Seniors charted course for Navy

1-3 start didn’t derail season

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ANNAPOLIS — Brandon Turner hadn’t witnessed a Navy football season end quite like last year’s did.

Not when Navy recruited him. Not during a year at the academy’s prep school. And certainly not during his first two years with the Midshipmen. 

As the wide receiver’s final year of football commenced in the spring, he and his teammates knew they wanted no part of a rerun.

“The guys I remember looking at and watching on TV and being friends with, those guys always had great seasons and went to a bowl game and beat Army,” Turner said. “So it’s like ‘How are you supposed to feel when you win five games, don’t go to a bowl game and beat Army but you barely beat them?’ That’s really not the tradition or legacy we want to leave.”

Thanks to Turner, captains Brye French and Bo Snelson and the rest of Navy’s senior class, the men who will play their final game for the Mids this weekend won’t have to worry about such a problem.

Navy (8-4) wraps up a bounceback year Saturday when it meets Arizona State (7-5) in the Fight Hunger Bowl at San Francisco’s AT&T Park. A victory would leave the Mids lacking little as they look back on their season arc.

They wrested back the Commander-in-Chief’s Trophy for the first in three years. They topped Army for the 11th consecutive season. They returned to the postseason after a one-year hiatus.

So much of the success stemmed from a group of veterans, some of whom played prominent roles on bowl teams as underclassmen. They not only coveted a return to the annual bowl treks that defined the Mids under Paul Johnson and then Ken Niumatalolo between 2003 and 2010, but also dreaded the prospect of another substandard season.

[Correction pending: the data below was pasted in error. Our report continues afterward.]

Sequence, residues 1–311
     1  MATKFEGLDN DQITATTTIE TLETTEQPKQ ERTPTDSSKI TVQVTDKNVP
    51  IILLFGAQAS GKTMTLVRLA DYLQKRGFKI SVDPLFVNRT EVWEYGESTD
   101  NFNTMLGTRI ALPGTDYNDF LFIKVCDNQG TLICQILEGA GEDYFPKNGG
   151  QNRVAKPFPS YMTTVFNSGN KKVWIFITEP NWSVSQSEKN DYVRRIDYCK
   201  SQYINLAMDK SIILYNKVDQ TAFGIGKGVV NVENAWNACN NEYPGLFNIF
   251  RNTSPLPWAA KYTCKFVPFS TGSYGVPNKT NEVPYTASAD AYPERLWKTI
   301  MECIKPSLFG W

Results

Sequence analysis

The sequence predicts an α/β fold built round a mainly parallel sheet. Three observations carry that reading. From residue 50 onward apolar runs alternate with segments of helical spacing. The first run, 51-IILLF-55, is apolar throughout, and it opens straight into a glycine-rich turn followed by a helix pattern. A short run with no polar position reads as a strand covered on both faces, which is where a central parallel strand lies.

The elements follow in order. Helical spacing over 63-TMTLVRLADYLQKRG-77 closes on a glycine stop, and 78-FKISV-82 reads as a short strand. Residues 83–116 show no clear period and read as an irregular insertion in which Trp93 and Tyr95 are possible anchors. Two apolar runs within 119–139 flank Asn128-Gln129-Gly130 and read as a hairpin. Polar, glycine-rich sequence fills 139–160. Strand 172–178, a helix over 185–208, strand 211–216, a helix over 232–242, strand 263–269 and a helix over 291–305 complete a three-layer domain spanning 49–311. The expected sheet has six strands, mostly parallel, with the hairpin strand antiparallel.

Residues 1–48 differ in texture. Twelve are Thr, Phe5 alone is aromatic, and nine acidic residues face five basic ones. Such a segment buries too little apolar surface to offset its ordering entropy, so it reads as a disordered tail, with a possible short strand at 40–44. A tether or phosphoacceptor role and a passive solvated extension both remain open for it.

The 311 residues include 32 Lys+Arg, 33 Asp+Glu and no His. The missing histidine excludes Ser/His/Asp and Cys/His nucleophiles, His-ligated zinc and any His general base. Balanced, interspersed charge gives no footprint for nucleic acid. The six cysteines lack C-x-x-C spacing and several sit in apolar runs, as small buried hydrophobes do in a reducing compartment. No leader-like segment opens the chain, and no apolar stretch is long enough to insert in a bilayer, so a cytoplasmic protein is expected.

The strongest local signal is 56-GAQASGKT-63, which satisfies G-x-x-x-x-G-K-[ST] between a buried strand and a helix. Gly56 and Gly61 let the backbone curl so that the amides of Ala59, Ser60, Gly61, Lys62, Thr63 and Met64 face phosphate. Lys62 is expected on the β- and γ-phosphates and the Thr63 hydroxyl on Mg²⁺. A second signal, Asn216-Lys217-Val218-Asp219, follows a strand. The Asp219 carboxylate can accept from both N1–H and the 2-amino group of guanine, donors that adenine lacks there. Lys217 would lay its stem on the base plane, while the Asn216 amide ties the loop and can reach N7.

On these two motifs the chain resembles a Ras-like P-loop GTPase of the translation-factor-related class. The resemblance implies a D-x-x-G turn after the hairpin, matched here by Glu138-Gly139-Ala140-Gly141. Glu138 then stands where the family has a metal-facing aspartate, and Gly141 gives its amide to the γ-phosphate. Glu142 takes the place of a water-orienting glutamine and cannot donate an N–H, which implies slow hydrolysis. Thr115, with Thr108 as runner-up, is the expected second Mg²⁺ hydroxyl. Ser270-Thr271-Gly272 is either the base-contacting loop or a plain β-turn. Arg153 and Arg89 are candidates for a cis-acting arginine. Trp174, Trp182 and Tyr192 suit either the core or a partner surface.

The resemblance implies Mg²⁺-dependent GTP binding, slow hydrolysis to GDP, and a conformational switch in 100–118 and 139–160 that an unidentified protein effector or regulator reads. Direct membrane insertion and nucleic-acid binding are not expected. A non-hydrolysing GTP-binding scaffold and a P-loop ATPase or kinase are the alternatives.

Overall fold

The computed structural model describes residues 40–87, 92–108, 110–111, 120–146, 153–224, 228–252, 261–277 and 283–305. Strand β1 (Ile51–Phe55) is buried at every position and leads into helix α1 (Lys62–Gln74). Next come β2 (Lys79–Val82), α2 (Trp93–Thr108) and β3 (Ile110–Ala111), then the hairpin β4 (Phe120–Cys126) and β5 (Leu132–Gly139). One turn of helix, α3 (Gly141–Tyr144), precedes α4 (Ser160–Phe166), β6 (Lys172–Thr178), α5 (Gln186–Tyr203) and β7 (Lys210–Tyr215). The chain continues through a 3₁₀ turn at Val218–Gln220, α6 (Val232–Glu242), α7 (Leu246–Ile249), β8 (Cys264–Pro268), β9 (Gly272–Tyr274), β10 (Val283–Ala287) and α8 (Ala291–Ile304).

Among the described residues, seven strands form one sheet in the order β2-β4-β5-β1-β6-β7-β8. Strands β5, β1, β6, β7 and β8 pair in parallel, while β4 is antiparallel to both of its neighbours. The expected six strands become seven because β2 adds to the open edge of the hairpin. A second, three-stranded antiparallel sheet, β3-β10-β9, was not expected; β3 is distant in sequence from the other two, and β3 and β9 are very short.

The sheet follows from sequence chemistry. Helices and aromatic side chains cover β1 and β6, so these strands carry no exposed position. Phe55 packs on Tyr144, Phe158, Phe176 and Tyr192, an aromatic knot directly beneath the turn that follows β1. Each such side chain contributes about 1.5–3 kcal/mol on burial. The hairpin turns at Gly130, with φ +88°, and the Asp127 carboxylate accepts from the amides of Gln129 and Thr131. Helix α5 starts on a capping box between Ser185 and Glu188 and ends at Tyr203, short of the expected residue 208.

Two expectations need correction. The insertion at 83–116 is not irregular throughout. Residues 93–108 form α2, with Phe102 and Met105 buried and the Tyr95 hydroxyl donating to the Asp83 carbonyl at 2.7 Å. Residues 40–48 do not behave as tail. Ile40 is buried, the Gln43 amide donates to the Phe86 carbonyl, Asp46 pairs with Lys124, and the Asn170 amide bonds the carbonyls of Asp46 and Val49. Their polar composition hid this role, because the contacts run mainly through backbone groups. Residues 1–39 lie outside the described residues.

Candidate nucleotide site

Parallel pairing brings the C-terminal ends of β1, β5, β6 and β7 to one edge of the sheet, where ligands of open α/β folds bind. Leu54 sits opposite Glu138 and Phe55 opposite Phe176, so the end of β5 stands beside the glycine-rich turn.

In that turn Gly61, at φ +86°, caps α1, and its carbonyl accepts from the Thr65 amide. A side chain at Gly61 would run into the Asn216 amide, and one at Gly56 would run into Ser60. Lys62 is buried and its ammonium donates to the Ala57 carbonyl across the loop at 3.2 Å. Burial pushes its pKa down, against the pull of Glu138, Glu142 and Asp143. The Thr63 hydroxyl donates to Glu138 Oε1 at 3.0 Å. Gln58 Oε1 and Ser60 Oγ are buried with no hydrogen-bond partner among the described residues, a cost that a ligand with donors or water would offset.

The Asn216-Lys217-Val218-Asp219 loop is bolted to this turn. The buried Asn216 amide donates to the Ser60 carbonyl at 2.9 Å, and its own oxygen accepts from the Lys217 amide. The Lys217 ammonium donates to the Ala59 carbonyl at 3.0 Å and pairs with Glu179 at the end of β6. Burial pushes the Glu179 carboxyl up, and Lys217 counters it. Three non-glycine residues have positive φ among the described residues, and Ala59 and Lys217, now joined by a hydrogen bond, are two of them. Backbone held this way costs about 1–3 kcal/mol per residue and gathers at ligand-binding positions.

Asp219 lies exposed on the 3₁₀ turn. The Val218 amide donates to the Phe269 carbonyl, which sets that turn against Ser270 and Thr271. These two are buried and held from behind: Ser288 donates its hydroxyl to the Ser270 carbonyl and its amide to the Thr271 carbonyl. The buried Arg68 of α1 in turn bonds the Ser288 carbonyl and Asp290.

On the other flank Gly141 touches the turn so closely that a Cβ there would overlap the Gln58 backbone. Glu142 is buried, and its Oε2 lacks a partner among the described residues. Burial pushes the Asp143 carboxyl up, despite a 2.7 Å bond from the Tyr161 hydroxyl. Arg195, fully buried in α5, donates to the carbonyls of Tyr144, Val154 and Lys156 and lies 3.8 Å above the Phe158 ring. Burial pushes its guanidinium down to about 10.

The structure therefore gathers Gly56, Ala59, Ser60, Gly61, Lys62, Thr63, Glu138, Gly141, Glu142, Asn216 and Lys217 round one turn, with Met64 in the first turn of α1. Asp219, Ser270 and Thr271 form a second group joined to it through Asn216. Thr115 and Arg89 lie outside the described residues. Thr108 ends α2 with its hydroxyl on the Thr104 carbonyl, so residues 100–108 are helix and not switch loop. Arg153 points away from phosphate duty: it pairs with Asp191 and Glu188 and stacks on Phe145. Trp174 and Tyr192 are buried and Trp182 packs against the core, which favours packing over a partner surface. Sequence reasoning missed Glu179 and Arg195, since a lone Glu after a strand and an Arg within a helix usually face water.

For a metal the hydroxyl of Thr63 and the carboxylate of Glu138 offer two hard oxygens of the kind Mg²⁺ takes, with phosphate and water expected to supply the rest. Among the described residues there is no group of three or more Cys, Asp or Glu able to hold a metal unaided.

Yet it wasn’t a overtly brash group; instead, Navy did little chirping as it resurrected its season after a bumpy 1-3 start.

“Instead of their talk, it was their actions that spoke volumes to me — off the field, on the field, just a selfless group, and I think they laid a great foundation for the younger guys who are here,” Niumatalolo said. “This is the pattern: You work your butt off, you keep your mouth quiet and just understand the process. I think some people talk about winning, but I don’t think they understand you have to teach the whole process.”

If French and Snelson were not entirely aware what awaited them when they were voted captains last winter, they knew how they wanted to approach things.

Both men were careful to praise their predecessors and the previous season’s senior class, who departed with a 5-7 season. Yet they also had little interest in allowing the Mids to relax too much, lest such an attitude slip into on-field matters.

In retrospect, it was an ideal season for a leader such as Snelson, a 5-foot-7 firecracker who started the last eight games at slotback. The well-respected and even-keeled French, who juggled both football and lacrosse during his first two years at the academy, was a fine foil.

Together, they helped chart a detail-oriented course for a program that might have lost sight of the source of its long-running success.

“They had really tough job, especially at the beginning of the season,” junior linebacker Cody Peterson said. “They weren’t very popular. They were pretty strict, but they did an excellent job. They really unified the team, and we have a solid foundation because of them.”

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